Venice could be the summit to end all economic summits.
The congresses of the heads of the major industrial democracies that began at Rambouillet, outside Paris, in 1975 and continued in successive years through Puerto Rico, London, Bonn, Tokyo, Venice, Ottawa, Versailles, Williamsburg, London again, Bonn again and now Venice again have degenerated into opportunities for photos and fatuities.
Where the Congress of Vienna (1814-15) took more than eight months to redraw the map of Europe, the three-day Venice summit has sought to tackle an agenda that included the:
- Promotion of noninflationary economic growth.
- Curbing of protectionism.
- Reduction of excessive trade imbalances.
- Lowering of agricultural subsidies.
- Elimination of structural barriers to investment and employment.
- War on poverty, especially in sub-Saharan Africa.
- Solution of the third world's debt problems.
- Protection of shipping in the Persian Gulf and the threat of war if Iran attacks American-flag vessels.
- Need to combat AIDS and drugs.
- Elimination of intermediate-range missiles from Europe.
Obviously, these are all terribly important problems. And one cannot say that the economic and political problems are not closely interrelated.
The drug trade, for instance, is significantly linked to the poverty, unemployment, agricultural and balance-of-payments problems of Venezuela, Mexico and other Latin American countries.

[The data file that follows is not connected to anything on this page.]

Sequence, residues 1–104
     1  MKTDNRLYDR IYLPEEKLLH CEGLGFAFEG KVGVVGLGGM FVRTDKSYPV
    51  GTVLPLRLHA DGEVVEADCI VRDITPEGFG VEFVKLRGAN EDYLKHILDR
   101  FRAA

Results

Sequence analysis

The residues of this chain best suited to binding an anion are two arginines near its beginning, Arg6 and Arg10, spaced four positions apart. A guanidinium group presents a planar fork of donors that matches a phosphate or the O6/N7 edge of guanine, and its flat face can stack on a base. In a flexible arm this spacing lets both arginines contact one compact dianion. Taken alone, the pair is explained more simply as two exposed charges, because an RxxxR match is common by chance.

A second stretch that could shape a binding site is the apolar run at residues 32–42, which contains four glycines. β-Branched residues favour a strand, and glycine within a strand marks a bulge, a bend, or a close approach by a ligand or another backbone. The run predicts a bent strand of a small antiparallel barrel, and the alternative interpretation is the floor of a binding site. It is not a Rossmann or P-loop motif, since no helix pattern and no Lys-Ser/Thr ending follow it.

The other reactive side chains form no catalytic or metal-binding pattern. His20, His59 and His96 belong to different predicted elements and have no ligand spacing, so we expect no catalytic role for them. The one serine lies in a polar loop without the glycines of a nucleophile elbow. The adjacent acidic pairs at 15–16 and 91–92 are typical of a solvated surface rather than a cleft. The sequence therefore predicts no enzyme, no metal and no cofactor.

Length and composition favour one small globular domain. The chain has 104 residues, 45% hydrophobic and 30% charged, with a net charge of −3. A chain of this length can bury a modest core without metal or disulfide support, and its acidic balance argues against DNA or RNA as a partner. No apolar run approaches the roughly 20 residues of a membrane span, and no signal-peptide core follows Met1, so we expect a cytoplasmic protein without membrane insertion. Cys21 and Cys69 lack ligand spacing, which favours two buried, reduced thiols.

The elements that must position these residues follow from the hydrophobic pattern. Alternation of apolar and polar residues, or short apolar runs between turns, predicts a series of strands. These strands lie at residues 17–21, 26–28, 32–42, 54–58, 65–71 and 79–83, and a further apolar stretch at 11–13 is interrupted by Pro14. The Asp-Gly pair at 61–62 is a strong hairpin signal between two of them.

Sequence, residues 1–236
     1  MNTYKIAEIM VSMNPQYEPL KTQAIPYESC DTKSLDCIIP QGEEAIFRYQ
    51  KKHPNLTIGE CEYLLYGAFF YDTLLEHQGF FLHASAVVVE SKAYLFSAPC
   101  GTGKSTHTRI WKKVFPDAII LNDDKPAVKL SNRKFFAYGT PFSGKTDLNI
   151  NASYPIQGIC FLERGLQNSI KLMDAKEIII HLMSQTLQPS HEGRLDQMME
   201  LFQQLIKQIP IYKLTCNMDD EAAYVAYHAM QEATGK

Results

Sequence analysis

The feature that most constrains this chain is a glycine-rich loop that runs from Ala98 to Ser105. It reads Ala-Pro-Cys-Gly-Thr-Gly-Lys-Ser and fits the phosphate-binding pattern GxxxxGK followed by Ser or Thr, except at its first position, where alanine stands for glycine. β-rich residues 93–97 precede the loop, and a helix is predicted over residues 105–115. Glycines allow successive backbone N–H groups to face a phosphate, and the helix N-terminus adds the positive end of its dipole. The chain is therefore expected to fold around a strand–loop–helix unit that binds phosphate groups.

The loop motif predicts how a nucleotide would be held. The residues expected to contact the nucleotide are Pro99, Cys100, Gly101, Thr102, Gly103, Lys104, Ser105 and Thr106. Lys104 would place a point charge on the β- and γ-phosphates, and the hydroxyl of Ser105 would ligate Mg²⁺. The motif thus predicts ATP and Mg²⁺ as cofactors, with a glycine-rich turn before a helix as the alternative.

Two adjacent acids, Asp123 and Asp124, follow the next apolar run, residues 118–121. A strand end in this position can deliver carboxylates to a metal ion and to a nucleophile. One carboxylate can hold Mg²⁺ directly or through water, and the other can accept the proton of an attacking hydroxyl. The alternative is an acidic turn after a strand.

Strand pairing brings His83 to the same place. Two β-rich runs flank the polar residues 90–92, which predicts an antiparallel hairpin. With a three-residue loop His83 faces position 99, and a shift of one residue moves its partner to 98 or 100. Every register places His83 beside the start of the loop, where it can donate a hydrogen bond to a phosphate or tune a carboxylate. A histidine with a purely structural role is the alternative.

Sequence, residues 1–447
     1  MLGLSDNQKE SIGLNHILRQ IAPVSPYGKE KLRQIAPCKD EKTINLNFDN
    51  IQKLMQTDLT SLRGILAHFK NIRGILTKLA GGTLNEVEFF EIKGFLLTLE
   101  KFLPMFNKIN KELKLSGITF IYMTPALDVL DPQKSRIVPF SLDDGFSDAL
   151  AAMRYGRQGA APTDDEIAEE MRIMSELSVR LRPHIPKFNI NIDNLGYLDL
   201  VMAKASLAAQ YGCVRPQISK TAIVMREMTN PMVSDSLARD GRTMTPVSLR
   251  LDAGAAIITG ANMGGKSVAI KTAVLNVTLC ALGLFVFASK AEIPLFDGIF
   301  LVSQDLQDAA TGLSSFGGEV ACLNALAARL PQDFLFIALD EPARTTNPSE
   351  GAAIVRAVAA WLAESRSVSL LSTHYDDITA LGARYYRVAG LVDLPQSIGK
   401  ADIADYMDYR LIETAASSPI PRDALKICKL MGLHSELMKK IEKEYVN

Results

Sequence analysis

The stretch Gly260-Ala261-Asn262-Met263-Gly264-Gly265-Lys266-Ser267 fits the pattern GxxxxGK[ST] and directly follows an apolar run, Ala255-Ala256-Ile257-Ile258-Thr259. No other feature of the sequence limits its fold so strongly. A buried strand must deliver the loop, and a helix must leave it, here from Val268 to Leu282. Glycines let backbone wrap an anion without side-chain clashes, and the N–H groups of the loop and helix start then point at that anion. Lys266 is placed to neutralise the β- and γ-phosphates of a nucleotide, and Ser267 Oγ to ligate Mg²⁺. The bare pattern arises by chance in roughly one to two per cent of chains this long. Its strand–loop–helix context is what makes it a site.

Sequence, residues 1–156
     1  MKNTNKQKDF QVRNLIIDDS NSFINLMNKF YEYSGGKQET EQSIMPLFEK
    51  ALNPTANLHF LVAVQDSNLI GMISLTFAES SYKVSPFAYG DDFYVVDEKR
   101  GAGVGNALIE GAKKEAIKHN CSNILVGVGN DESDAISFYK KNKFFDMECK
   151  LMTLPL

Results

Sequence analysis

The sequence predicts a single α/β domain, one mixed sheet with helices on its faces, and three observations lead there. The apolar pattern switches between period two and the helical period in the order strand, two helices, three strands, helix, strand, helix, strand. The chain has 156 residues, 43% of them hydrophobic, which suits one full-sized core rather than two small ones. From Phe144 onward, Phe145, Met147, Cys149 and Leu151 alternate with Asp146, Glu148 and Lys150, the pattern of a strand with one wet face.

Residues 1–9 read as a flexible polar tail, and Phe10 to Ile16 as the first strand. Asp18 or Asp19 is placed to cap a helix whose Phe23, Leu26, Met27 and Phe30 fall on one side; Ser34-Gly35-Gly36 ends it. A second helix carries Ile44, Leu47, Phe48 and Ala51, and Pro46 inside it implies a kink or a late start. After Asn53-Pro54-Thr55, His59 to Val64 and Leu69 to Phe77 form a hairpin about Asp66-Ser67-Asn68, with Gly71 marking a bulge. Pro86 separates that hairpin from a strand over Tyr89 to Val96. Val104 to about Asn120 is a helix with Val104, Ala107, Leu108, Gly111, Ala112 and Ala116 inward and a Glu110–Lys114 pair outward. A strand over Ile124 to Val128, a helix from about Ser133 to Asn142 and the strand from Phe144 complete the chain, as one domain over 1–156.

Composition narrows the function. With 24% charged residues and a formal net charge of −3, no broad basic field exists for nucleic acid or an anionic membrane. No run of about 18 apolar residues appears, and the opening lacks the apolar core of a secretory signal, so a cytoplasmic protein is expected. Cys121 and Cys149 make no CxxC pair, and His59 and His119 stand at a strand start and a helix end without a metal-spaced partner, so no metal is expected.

Similarly, the issue of European military security and the reduction of nuclear arms is linked to the budgetary problems of the United States, West Germany, Britain and the other members of the North Atlantic Treaty Organization. As Christoph Bertram, the diplomatic correspondent of a West German weekly, Die Zeit, writes in the current Foreign Affairs, ``NATO's conventional forces will almost inevitably shrink'' in the years ahead, largely because of the budgetary squeeze and because of the shrinkage in the supply of conscripts or volunteers.
``None of the major nations will be able to make up for the reductions experienced by the others,'' Bertram concludes. ``On the contrary, once one nation announces reductions all the others are likely to follow suit only too eagerly.''
Hence, whatever the outcome of arm negotiations with the Soviet Union, military expenditures in the West for both nuclear and conventional forces appear to be headed down.
Should budgetary constraints - and an unwillingness to raise taxes - be determining national and international security policy? Or should the economic threats to the world be the crucial determinant of budgetary policy? The summiteers come with too little time and …